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HOT SPRINGS -- Today begins Bobby Geiger's 34th season at Oaklawn, and there will be more seasons because of his will, character and determination.

He's the director of gaming, which basically means he's responsible for every operation, which includes wagering.

He's made numerous friends over the years as he walked powerfully through Oaklawn -- usually smiling, always tall and athletic -- with time to visit those he encounters.

Now, an electric scooter sits outside his office door and a cane leans against his desk.

"When people see me on that scooter or walking with a cane, they are going to have questions. I just thought it was better to get it out there so no one will be uncomfortable," he said.

Bobby is entering his third year of fighting amyotrophic lateral sclerosis, aka ALS, aka Lou Gehrig's disease. He fights a battle no one has won yet, but there is no bitterness or anger. Not even frustration. He talks about clinical research and hope, but very quietly.

A deeply spiritual man, Bobby immediately turned to prayer when he was told he had ALS.

"I prayed one thing: that it would be the type that progresses slow," he said. "I want more time with my 9-year-old son [Landon] and my family.

"I used to be a gym rat, hitting it four times a week and mountain biking. Now, I want all that time with my wife [Dawn] and son and our new 2-year-old we took in from a troubled situation."

Until his family, there was mostly Oaklawn.

Bobby and his family moved to Hot Springs Village when he was 12, and he sneaked in to Oaklawn when he was 14.

"Part of the rite of passage for kids who went to my junior high," he said. He knew immediately he wanted to work at the racetrack.

He was 21 when he applied for a job as a ticket seller. The season was about to start, and John Searcy, the supervisor of mutuels, told him he had applied too late. But as Bobby was leaving he heard, "Hey Geiger, is your birthday Feb. 4? So's mine, you're hired."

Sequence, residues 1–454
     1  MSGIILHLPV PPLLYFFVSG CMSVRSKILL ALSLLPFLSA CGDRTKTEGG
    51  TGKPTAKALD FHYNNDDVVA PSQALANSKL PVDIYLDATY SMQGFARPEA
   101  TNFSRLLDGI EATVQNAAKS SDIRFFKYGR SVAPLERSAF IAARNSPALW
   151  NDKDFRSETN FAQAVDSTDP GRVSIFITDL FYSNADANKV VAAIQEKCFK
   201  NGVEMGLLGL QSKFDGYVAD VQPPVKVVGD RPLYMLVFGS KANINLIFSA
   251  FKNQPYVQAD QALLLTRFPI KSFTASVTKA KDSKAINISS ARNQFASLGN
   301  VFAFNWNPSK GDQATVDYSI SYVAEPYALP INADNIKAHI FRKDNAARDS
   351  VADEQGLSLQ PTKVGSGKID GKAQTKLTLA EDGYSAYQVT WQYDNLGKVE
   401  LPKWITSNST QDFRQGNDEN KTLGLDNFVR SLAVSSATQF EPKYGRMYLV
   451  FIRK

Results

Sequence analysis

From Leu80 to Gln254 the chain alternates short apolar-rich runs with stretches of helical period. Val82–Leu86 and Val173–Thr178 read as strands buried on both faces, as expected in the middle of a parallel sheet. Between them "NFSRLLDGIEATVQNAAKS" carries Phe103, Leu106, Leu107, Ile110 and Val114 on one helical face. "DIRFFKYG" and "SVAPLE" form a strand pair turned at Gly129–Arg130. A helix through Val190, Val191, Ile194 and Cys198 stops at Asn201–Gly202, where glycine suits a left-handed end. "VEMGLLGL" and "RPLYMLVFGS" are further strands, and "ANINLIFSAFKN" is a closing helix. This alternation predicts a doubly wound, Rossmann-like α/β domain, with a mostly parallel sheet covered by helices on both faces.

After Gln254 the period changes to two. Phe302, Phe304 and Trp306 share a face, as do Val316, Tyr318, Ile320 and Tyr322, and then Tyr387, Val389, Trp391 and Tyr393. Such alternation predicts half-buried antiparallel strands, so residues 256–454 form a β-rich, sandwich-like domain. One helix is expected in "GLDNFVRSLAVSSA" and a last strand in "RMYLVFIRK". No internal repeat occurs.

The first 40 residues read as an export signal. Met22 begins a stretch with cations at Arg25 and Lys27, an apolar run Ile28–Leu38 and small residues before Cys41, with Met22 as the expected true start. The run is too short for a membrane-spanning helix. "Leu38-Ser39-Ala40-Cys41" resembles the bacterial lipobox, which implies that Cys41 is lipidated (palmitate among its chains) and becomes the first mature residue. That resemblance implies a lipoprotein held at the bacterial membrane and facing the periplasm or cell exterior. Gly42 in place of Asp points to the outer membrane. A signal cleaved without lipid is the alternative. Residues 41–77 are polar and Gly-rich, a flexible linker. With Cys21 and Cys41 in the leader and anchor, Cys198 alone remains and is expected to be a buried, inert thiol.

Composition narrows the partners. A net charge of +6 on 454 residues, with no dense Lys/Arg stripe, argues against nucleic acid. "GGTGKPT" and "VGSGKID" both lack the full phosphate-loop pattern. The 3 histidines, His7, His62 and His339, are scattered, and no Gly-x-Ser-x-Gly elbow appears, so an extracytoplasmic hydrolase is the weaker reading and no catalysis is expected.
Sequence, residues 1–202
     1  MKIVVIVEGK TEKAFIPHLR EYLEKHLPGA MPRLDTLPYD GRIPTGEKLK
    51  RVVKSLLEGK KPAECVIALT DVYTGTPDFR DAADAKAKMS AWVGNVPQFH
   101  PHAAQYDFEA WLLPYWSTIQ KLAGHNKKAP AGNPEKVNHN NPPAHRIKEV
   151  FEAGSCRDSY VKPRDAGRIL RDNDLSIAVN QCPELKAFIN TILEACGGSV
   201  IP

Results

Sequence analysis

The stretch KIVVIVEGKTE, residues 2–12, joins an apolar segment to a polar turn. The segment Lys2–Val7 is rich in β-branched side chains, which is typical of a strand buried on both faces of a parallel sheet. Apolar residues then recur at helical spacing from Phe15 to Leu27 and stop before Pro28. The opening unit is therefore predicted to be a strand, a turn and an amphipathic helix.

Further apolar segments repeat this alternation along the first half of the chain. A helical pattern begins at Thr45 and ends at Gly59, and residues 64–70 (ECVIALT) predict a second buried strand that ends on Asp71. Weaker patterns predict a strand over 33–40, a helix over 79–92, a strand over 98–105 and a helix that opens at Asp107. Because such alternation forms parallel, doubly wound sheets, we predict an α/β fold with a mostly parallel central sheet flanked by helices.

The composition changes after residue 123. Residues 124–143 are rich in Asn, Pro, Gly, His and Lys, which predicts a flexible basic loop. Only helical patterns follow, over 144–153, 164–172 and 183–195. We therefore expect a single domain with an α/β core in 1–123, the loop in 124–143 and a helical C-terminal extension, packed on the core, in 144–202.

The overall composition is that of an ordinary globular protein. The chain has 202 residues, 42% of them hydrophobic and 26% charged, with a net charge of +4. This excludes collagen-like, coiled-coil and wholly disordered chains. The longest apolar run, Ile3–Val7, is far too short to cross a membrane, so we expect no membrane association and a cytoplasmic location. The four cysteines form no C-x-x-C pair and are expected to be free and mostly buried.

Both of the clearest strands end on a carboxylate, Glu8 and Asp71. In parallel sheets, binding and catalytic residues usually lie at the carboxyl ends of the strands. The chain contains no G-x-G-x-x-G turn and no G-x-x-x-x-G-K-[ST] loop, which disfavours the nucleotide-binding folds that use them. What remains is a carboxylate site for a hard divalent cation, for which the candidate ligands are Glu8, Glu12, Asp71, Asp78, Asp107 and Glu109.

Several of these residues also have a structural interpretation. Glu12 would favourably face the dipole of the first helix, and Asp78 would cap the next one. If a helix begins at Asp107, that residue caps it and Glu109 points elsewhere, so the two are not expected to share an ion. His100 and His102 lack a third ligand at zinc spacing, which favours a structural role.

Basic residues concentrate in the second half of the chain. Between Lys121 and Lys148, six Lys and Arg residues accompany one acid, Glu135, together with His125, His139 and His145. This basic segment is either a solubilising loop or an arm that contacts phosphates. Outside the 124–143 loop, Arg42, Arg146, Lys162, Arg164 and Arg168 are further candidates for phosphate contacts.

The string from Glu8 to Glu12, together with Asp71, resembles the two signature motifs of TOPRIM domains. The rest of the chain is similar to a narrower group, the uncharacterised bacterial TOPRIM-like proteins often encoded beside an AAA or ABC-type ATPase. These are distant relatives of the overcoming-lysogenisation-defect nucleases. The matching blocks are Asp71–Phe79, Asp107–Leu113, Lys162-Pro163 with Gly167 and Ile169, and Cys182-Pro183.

"I got hired because of my birthday," he said with a laugh.

And the rest was blood, sweat and tears as he worked his way up.

When General Manager Eric Jackson invented Instant Racing -- which undoubtedly not only saved Oaklawn but also has made it one of the major players in the thoroughbred industry -- he asked Bobby to be part of his design team. The dream grew.

An irony of ALS is that it seems to strike able-bodied people. Before he became a gym rat, Bobby was a jock, playing high school basketball at Jessieville and three times winning the high school state tennis doubles with partner Eddie Oats.

These days, Bobby puts all of his energy into his work and family.

"The kids still expect and deserve attention," he said.

Director of Racing David Longinotti said Bobby's "dedication to task has never wavered."

Not long after his diagnosis, Kara Evans of the local Muscular Dystrophy Association chapter and Lara Blume of ALS in Wonderland sought out Bobby. Help, understanding and support came with them.

"I've truly been blessed with great support from my family, my church home group, everyone at Oaklawn, and Kara and Lara," he said.

He was on the phone earlier this week when this visitor appeared. The phone lit up numerous times during our interview, and it was obvious Bobby felt he needed to field those calls instead of talking about himself.

But today will be hard enough without a lot of questions.

For now and the immediate future, Bobby was very honest.

"My disease is progressing, thankfully slowly, but I'll know when it is time to step away," he said.

Until then, he helps keep Oaklawn running and taking care of his family.

Sports on 01/15/2016

Print Headline: Oaklawn pillar shaken, not deterred, by ALS


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  • HawgFan
    January 15, 2016 at 11:02 a.m.

    "He fights a battle no one has won yet"... I wonder if you asked Stephen Hawking, at age 74, if he's 'won the battle' - what would he say? ALS is a horrible disease and I'm definitely not making light of it, but I've known lots of people that died before their 70th birthday that didn't have ALS. Sounds like Geiger has lots of support from family and friends.